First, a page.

Glass Pavilion’s interior featuring the seven-tiered waterfall

Bruno Taut’s Glass Pavilion is one of the earliest examples of expressionist architecture. The structure was built in 1914 as a feature of the Cologne Deutscher Werkbund Exhibition. Constructed using only concrete and glass, the exterior of the pavilion showcases a vibrantly colored prismatic dome and a grand staircase. The interior of the building featured a kaleidoscope of color from the crown above it and a seven-tiered cascading waterfall.

The Einstein Tower is another striking example of expressionist-style architecture. The observatory was built by German Architect Erich Mendelsohn from 1919 to 1921 and was envisioned to hold a solar telescope. Mendelsohn designed the building to reflect the radical theories formed by Einstein – specifically his theory of motion. The structure is built with brick but covered with stucco to give it its smooth, tidal-like exterior. 

Walt Disney Concert Hall, Frank Gehry, 2003

More recent examples of expressionist-style architecture include Walt Disney Concert Hall designed by Frank Gehry in Los Angeles, the Lotus Temple designed by Fariborz Sahba in Delhi, and Zaha Hadid’s Vitra Fire Station in Weil am Rhein. 

Immersive Art: The Fusion Between Art and Technology

Whether you’re in Chicago or Scottsdale, immersive art exhibitions are quickly becoming the latest trend, unveiling a new approach for art lovers to savor their favorite works and artists. What separates these shows from what you would expect to see at a traditional museum or gallery space?

The History of Immersive Art

While immersive art may seem like a new phenomenon to many of us, immersive experiences can be traced back centuries. One of the finest examples can be found in the architecture of the middle ages. Employing stained glass in the construction of churches was often used to create an otherworldly experience for patrons. As natural light floods through each window, colors fill the interior, telling a vibrant visual story.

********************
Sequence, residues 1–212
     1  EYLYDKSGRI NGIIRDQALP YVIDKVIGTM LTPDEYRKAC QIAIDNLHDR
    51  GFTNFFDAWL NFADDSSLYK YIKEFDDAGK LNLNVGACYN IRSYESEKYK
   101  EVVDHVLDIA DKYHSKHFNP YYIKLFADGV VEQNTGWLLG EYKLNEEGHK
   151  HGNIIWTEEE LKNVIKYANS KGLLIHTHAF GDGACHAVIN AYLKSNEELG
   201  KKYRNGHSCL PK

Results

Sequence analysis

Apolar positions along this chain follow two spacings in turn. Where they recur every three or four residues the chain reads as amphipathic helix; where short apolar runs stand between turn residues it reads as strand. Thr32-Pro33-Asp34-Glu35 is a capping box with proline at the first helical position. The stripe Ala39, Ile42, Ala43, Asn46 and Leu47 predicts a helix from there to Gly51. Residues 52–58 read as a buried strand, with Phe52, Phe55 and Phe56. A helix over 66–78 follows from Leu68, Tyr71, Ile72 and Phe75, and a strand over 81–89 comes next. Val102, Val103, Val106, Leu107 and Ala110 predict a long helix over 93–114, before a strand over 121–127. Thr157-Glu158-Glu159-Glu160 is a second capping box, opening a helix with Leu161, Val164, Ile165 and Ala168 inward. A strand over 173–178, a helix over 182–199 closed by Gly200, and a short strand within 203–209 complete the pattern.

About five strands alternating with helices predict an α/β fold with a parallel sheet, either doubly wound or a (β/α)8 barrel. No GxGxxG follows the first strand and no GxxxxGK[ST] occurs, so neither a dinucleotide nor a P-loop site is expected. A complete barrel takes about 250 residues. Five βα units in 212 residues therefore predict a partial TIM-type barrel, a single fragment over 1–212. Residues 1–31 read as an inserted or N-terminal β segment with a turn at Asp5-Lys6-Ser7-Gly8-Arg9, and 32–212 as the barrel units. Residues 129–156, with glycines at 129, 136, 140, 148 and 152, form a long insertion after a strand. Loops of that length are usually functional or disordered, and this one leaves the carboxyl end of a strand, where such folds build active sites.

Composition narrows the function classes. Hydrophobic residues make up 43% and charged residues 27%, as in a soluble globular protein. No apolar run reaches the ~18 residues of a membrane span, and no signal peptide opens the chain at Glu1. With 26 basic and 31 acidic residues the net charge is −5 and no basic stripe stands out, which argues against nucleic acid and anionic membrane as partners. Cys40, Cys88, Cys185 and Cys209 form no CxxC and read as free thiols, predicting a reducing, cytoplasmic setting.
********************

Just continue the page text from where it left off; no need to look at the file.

More recently, thanks to the help of modern technologies that include virtual reality, holography and digital projection, immersive experiences have transformed how we can view works of art, enabling us to explore each piece as a protagonist within it. 

The objective of immersive art lies in entertainment, taking 2D environments and metamorphosing them into 3D worlds often filled with accompanying music. Video projection mapping programmed individually for each immersive environment makes sure that every inch of the space is sure to be covered, further enveloping the audience in the engaging work. 

And while many spaces are utilizing immersive technology to revamp older works, ambitious artists are also constructing their own participatory installations. Yayoi Kusama, a Japanese artist, has been creating immersive work since the 1960s. Kusama’s most famous installation, Infinity Mirror Room—Phalli’s Field, uses dozens of mirrors to augment the perception of the stuffed polka dot sculptures she created, and because of those mirrors, casts the visitor as the work’s subject. 

Infinity Mirror Room—Phalli’s Field, Yayoi Kusama, 1965

Experience A Show For Yourself

Chicago offers a variety of immersive art experiences. Just South of Lincoln Park and within close proximity to Optima Signature and Optima Lakeview at Lighthouse ArtSpace, the Van Gogh, and Frida Kahlo exhibits continue to run throughout the summer, transporting visitors into both of the artist’s worlds. Other, more traditional immersive art experiences include the Museum of Illusions, Sky Shows at the Adler Planetarium, the upcoming Museum of Ice Cream exhibit coming to The Shops at Tribune Tower and the Illinois Holocaust Museum’s onging exhbit, The Journey Back: A VR Expeerience

Scottsdale and Phoenix also offer a variety of engaging installations to choose from. Just walking distance from Optima Sonoran Village is Scottsdale’s Lighthouse Artspace, found in the heart of Old Town Scottsdale, is home to the Immersive Van Gogh and Klimt exhibits scheduled to run through July. Wonderspaces, another extraordinary venue in Scottsdale Fashion Square, features an evolving lineup of interactive installations and signature cocktails.

Immersive art has always been a revolutionary way to interact with different crafts, and thanks to technology, not only is it becoming more innovative but more accessible. With the trend on the rise, there’s sure to be no shortage of immersive art experiences, and we’re excited to see what modernisations come next.